How Long Can I Go Without a Tooth? Tooth loss is a common issue in humans. The tendency increases after middle age. In fact, an American adult would have lost up to 12 permanent teeth by age 50, according to Harvard Medical School. The common causes of tooth loss are gum infection, injury, and tooth decay.
Restoring lost teeth is a crucial aspect of reclaiming your confidence in your smile, and it is also important to strengthening dental health and having an actual bite. Below, we discuss how long you can go without a tooth and what will happen to the gum and area close to the gap.
How Long Can I Go Without a Tooth?
The Teeth Surrounding the Missing Tooth
The gap left by the missing tooth might cause the surrounding teeth to change position because there is no support to maintain the arrangement of the teeth.
When a gap is left by a missing tooth, the surrounding teeth tend to shift because that tooth is no longer helping to keep everything in line. Eventually, teeth may become uneven leading to new gaps between teeth.
An additional problem going without a tooth that may arise is super-eruption. The tooth that is opposite to the lost tooth may begin to grow out of position because the opposite tooth is no longer there to restrict the growth. This can make chewing and closing the mouth difficult. You may encounter sensitivity and other cases of bad teeth around this super-erupted tooth.
As for the gum, it begins to regenerate to heal itself after two weeks. The healing is faster compared to other body tissue. Fortunately, there are various tooth restoration alternatives:
- Dental implants
- Dental bridges
- Biting and Chewing
Teeth work together as a team. Suitably arranged teeth work concurrently when you bite and chew. When a tooth is missing, stress is positioned on the usable teeth or, you may not chew well because of the lost tooth, which can affect the efficiency of your body’s ability to digest food. Chewing is the initial aspect of the digestive system. Missing teeth will have you avoid some chewy, crunchy, or firm foods.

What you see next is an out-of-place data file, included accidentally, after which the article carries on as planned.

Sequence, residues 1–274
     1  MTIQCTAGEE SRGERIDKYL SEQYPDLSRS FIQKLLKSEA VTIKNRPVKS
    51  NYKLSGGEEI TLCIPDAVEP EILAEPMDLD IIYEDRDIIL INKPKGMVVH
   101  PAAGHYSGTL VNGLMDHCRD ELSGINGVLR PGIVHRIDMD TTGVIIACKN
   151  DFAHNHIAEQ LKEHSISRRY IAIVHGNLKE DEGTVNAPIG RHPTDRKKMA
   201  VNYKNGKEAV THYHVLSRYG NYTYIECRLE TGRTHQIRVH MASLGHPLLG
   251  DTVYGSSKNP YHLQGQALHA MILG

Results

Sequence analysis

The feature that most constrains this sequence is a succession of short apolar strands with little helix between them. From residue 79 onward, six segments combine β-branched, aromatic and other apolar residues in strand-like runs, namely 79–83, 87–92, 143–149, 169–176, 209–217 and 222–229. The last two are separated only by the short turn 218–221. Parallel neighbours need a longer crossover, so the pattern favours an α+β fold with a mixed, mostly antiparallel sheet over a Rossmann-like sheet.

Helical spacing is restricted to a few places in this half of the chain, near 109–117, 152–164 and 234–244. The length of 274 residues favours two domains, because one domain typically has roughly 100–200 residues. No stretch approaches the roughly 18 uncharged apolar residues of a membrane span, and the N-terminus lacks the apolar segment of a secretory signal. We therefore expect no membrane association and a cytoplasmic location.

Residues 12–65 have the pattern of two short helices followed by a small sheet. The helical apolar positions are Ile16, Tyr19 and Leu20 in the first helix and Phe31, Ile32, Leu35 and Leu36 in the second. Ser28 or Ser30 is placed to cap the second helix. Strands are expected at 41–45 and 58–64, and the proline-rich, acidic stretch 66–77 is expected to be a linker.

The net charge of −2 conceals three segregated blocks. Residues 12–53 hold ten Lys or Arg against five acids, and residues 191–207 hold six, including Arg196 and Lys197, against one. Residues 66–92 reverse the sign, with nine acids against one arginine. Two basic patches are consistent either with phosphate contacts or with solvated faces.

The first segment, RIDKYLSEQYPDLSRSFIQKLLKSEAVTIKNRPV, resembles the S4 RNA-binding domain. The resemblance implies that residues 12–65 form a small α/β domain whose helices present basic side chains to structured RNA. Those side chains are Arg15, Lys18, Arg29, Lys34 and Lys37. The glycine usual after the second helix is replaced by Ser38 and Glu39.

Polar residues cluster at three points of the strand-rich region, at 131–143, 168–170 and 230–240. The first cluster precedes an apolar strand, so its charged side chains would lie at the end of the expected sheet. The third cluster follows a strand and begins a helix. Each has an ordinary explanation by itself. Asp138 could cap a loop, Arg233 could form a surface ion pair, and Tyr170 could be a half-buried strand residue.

The Alignment of Your Bite
You can regain your wide smile with teeth replacement. Your teeth connect in a process called occlusion. This process forms a relationship between the upper and lower teeth and how they act during biting and chewing. There is a perfect occlusion, which dentists assist you to acquire through orthodontic procedures and dental restorations.
A lost tooth finally leads to modifications in your bite, altering with the perfect occlusion you admired once. By restoring the tooth, you can restore your bite.
Your Feelings About Your Teeth and Smile
A smile is an important part of a human. Smiling is a beautiful way to communicate and emote with people.
The way you feel about your smile is very important. A lost tooth can prompt you to hold back. Our dentists enjoy restoring people’s smiles, bringing life-changing joy to someone.
Bone loss is another issue associated with living with a missing tooth. The roots of your teeth are in your jawbone which also goes missing with the tooth. This incident can eventually lead to tooth deterioration. The deterioration can further affect the root of other teeth resulting in more tooth loss. Critical bone loss can also make it difficult to permit dental implants.
How Long Can I Go Without a Tooth? Contact us today to learn more.
For more information on cosmetic dentistry, restorative dentistry, root canals, emergency dentistry, or if you’re looking for a new dentist in Clackamas Oregon serving the entire Clackamas area, Contact NW Dental.
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